According to The Independent, fake votes made their way into the Paris mayoral race. Reporters found it easy to vote under various names, and even voted more than once using the same credit card and computer. One reporter voted five times, once using the name Nicolas Sarkozy, the former French president.
The online election, originally touted as “fraud proof” and “ultra secure”, has devoled into name-calling and confusion.
Here is the link to the story by the Independent:
Those who advocate online voting have a poor understanding of what a public election is. The public has to be able not only to cast a vote, but to see and confirm that all votes are true.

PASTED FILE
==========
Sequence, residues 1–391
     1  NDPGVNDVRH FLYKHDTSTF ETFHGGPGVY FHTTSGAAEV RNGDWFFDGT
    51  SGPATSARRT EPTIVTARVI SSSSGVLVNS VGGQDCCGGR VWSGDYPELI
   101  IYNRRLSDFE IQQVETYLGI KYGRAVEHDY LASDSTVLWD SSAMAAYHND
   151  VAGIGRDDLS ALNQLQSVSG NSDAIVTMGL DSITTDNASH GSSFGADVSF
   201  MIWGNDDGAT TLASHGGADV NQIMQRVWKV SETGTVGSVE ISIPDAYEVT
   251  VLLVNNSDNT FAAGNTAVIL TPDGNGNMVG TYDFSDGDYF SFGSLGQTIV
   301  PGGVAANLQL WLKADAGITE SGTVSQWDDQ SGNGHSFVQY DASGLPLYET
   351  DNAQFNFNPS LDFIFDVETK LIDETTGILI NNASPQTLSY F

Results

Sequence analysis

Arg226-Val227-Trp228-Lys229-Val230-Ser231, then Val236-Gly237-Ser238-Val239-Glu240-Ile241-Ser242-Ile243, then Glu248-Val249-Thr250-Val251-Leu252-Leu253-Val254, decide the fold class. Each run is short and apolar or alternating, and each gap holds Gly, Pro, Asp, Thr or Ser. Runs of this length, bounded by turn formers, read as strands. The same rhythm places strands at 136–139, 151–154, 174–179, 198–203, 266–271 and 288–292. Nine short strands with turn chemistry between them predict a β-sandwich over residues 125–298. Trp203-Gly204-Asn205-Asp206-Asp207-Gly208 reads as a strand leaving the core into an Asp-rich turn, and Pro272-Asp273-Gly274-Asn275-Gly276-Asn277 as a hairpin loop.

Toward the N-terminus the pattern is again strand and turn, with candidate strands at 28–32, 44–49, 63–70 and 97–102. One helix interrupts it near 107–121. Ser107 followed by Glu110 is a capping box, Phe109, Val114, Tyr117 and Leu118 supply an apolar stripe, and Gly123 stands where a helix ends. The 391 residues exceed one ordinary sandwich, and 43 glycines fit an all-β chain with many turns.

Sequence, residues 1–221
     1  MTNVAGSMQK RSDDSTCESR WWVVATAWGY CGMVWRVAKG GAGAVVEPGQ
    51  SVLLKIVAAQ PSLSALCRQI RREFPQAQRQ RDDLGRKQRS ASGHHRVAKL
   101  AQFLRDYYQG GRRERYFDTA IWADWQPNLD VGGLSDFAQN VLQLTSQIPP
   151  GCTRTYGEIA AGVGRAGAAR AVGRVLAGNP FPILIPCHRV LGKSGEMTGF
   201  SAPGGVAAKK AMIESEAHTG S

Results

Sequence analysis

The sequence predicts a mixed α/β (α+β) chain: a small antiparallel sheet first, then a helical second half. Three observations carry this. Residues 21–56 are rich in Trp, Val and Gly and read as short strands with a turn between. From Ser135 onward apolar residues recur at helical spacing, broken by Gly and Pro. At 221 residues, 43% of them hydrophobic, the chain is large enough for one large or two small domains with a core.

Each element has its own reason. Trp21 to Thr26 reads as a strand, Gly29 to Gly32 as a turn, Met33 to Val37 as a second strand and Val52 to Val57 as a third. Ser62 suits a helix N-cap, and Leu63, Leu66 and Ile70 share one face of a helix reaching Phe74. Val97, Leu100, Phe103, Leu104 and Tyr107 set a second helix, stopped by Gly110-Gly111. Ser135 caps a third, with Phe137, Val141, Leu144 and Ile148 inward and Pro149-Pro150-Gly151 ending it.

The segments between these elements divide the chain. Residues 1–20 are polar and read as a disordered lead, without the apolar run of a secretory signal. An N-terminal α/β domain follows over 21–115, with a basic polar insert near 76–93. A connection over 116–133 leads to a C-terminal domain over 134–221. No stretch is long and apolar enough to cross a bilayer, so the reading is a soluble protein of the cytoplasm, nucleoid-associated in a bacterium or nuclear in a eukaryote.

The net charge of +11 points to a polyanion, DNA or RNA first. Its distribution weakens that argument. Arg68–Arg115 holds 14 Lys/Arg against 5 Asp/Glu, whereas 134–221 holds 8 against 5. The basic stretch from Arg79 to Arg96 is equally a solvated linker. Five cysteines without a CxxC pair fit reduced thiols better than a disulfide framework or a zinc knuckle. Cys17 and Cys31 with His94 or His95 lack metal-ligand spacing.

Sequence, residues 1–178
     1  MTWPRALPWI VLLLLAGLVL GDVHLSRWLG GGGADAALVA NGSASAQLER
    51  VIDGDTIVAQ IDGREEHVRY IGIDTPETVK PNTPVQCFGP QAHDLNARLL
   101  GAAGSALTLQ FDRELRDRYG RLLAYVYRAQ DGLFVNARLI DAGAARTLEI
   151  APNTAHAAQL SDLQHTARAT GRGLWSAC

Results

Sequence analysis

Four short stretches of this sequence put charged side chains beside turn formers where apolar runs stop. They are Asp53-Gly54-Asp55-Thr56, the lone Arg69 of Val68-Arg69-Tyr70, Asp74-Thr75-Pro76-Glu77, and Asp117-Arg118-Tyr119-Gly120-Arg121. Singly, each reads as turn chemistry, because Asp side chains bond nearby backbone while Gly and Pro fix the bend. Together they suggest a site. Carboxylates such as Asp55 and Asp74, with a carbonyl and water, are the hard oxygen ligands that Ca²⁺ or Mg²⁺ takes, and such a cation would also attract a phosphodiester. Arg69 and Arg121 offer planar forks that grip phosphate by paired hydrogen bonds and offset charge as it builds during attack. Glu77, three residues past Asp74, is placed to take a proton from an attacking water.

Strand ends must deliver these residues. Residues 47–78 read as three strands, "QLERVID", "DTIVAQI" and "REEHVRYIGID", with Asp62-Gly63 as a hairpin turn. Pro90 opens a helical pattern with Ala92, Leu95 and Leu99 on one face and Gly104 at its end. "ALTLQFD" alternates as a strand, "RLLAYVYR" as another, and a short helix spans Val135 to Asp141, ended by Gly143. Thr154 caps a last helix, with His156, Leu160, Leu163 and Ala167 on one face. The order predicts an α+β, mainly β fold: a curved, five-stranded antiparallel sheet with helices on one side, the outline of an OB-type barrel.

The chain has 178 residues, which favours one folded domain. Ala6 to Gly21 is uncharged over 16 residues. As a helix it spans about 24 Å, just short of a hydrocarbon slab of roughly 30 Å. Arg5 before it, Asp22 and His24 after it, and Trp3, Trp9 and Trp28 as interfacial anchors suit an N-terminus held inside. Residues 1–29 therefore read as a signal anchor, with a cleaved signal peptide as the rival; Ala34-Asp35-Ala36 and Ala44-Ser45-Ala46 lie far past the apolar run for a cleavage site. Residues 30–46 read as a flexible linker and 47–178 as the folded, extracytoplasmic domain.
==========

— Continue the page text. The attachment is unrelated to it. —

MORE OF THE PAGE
If the public can’t verify that the announced winners are the true winners, legislation and decisions by those announced persons are not, then, authorized by the public. If, for example, taxes are levied by representatives, the taking of such taxes becomes nothing more than theft, if the public did not authorize the chosing of that representation.
We tend to see arguments against online voting focus on the concept of “security”, when the more insoluble problem is that of public transparency.
Originally published at Black Box Voting